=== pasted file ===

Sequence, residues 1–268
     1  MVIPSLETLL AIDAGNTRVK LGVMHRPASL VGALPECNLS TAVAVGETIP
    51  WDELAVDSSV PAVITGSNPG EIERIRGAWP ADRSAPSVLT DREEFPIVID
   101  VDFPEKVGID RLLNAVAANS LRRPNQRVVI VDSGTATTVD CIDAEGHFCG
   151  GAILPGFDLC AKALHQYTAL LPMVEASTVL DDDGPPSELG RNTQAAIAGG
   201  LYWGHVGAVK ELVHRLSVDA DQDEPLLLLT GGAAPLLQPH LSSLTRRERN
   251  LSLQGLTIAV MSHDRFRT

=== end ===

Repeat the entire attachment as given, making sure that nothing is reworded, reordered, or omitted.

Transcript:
Sequence, residues 1–268
     1  MVIPSLETLL AIDAGNTRVK LGVMHRPASL VGALPECNLS TAVAVGETIP
    51  WDELAVDSSV PAVITGSNPG EIERIRGAWP ADRSAPSVLT DREEFPIVID
   101  VDFPEKVGID RLLNAVAANS LRRPNQRVVI VDSGTATTVD CIDAEGHFCG
   151  GAILPGFDLC AKALHQYTAL LPMVEASTVL DDDGPPSELG RNTQAAIAGG
   201  LYWGHVGAVK ELVHRLSVDA DQDEPLLLLT GGAAPLLQPH LSSLTRRERN
   251  LSLQGLTIAV MSHDRFRT